What Financial Reform Could Mean for Your Money

The legislation stands little chance of being approved in the Senate, but that doesn't mean some of its provisions won't be enacted through other means.

Financial reform is now being … reformed, and consumers could feel some of the proposed changes almost immediately. So what do the changes mean for your money? Let’s take a closer look, but first, a quick history lesson.

In 2008, in the wake of the economic collapse, Congress passed the most extensive financial reform package since the Great Depression. The Dodd-Frank Wall Street Reform and Consumer Protection Act of 2010 was designed to give consumers more power and to keep banks from making the kinds of risky decisions that helped lead to the housing bubble.

Last week, House Republicans voted to undo many of the reforms put in place by Democrats in 2010. On a party-line vote, House Republicans passed the Financial Creating Hope and Opportunity for Investors, Consumers and Entrepreneurs Act, or the Financial Choice Act.

The Choice Act faces an uncertain future in the Senate. But Republicans have another path to enact much of what’s in the Choice Act.

The Senate Doesn’t Have to Act for Changes to Be Implemented

This week, the Treasury Department is releasing its own report on reforming financial reform, mandated by an executive order signed in the first few days of Donald Trump’s presidency. Many Choice Act provisions can be accomplished via administrative orders from Treasury, so it’s worth understanding the main tenets of the bill.

In general, Republicans have argued that Dodd-Frank rules have hurt banks, particularly smaller banks, which has reduced competition, ultimately hurting consumers.

“We will make sure there is needed regulatory relief for our small banks and credit unions, because it’s our small banks and credit unions that lend to our small businesses that are the jobs engine of our economy and make sure the American dream is not a pipe dream,” Rep. Jeb Hensarling, (R-Texas), the driving force behind the bill, said in a statement.

Critics say the bill would recreate the pre-bubble atmosphere that led to widespread abuse and economic collapse.

“This legislation releases every bloodthirsty, greedy Wall Street super-predator back onto the American people to feast on our misery, like they did pre-Dodd-Frank,” said Rep. Gwen Moore (D-Wisconsin) during floor debate.

The bill repealing Dodd-Frank is more than 600 pages long. Many are devoted to back-end bank rules, such as how often institutions must pass “stress tests” to prove they aren’t at risk. But the bill also includes measures consumers would feel pretty immediately.

Consumer Financial Protection Bureau Weakened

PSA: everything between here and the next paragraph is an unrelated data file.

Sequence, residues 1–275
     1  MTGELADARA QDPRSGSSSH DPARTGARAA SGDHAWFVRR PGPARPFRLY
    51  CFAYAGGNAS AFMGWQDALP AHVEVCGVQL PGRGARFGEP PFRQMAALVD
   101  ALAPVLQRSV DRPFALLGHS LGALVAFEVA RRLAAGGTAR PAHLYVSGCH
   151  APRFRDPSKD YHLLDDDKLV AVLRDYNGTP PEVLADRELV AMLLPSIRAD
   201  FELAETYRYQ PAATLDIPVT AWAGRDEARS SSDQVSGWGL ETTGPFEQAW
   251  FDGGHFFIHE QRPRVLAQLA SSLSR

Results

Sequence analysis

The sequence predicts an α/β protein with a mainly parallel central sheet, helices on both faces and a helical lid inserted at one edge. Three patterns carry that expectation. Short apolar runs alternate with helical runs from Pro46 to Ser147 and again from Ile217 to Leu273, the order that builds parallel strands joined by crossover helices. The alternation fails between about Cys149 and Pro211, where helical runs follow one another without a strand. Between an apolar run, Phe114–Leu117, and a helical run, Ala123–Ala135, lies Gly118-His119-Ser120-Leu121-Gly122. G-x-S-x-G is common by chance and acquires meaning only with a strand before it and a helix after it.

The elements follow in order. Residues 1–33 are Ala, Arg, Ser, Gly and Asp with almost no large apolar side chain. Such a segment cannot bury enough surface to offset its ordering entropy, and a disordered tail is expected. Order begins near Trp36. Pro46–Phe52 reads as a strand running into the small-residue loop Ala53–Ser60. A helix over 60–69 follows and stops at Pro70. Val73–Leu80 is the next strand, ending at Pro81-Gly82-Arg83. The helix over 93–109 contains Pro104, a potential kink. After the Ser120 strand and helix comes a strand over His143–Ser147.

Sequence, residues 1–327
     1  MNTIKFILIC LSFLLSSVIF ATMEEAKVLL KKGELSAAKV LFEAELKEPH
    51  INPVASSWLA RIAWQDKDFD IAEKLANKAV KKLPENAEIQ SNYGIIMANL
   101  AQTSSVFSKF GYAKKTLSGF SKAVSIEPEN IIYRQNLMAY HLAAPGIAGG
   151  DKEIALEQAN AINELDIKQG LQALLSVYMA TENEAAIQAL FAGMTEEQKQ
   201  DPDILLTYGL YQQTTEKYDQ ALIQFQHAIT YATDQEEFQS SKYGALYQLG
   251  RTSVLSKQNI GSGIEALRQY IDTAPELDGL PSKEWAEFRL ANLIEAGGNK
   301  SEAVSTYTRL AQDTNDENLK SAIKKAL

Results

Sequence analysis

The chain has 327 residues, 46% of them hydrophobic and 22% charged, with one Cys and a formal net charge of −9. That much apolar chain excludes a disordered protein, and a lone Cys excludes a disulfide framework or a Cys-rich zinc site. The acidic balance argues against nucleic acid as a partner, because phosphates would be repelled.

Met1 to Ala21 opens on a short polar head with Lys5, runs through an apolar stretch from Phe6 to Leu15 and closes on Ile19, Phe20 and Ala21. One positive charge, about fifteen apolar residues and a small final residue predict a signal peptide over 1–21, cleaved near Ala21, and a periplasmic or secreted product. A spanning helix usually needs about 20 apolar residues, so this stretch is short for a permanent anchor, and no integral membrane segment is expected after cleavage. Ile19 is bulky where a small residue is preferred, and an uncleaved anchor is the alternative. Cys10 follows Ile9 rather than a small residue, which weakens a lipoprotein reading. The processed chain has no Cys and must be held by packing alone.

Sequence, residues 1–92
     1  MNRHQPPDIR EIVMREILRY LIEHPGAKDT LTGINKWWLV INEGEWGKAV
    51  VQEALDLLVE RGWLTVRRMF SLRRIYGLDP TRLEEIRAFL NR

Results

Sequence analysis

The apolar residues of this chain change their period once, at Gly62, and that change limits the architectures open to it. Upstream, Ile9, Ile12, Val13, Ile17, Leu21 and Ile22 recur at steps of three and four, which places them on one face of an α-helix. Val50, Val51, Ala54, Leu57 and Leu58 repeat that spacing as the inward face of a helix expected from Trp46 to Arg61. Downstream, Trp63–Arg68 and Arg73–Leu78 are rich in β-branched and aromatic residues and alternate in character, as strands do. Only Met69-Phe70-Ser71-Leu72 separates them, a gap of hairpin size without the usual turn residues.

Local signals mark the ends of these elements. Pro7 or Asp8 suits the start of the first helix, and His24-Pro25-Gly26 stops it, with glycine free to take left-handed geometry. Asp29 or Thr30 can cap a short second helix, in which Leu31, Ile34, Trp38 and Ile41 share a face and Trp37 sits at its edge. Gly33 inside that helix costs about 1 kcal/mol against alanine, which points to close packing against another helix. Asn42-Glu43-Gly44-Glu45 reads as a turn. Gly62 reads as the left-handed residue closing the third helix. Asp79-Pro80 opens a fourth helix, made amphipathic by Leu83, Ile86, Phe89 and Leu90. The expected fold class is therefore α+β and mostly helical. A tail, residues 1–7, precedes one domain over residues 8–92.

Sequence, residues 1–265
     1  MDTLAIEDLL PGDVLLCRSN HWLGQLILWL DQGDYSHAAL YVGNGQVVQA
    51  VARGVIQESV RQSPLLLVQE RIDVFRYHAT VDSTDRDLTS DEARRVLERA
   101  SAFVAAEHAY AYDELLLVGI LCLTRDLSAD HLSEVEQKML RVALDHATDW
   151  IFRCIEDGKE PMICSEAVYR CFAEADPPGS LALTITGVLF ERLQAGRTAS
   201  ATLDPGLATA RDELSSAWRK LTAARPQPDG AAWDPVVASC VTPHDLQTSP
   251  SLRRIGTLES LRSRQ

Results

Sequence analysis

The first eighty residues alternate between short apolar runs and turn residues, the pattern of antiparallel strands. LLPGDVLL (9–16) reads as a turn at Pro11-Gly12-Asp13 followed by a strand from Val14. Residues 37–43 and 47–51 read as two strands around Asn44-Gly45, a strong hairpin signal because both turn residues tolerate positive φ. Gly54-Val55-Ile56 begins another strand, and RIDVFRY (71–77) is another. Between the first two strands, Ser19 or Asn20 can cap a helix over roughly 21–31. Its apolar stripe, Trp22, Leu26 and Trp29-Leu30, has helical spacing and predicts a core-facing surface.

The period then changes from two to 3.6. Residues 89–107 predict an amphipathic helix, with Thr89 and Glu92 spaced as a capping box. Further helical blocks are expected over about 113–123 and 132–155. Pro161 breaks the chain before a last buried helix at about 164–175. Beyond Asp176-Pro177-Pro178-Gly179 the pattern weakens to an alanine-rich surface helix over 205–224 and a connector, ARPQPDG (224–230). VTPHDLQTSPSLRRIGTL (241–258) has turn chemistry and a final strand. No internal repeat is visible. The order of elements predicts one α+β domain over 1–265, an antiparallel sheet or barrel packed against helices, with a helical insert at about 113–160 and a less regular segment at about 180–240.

Should the Dodd-Frank repeal efforts succeed, consumers would feel the impact most immediately via changes to the Consumer Financial Protection Bureau.

The law would essentially dismantle the CFPB and reconstitute it with far less power as the Consumer Law Enforcement Agency. Instead of having a single leader, it would have a commission — similar to how the Federal Trade Commission operates. Critically, it would not have a dedicated source of funding. Both steps would make the agency more subject to political whims.

The law also prevents the consumer agency from taking enforcement actions against unfair, deceptive or abusive acts and practices — a catch-all category that generally forbids fraudulent activity — significantly narrowing the agency’s ability to file lawsuits on behalf of consumers.

Public Complaint Database Targeted

The CFPB’s consumer complaint center is perhaps the most public manifestation of financial reform. As of March, 1.1 million complaints had been filed, each one requiring an answer from industry. The database is public, so it serves as a kind of search engine for consumers who want to learn about the background of the financial companies with which they do business. It’s a tool that CFPB employees and other regulators use to find potential patterns of abuse. Banks have complained that responding to every complaint — some are indeed frivolous — is a costly burden. More generally, critics say it’s unfair to publish unverified complaints against companies.

“Is the purpose of the database just to name and shame companies? Or should they have a disclaimer on there that says it’s a fact-free zone, or this is fake news? That’s really what I see happening here,’’ said Rep. Barry Loudermilk (R-Georgia) during hearings on reform that made clear elimination of the database would be a priority.

Single-Agency Regulation Changed

Prior to Dodd-Frank, consumer protection was split among 10 banking regulators. Many, like the Office of the Comptroller of the Currency, were unfamiliar to consumers. In some cases, such as with private student loan issuers or payday lenders, it wasn’t clear if any banking regulator had jurisdiction. The CFPB’s one-stop shopping to get redress — often through the complaint database — made obtaining answers easier. Through its various enforcement efforts, the bureau has returned $12 billion to 29 million consumers. Under the Choice Act, many enforcement responsibilities would be returned to their original regulators.

Payday, Arbitration, Auto Lending Rules Rolled Back

A host of CFPB consumer protection efforts would be dialed back or shut down by the Choice Act.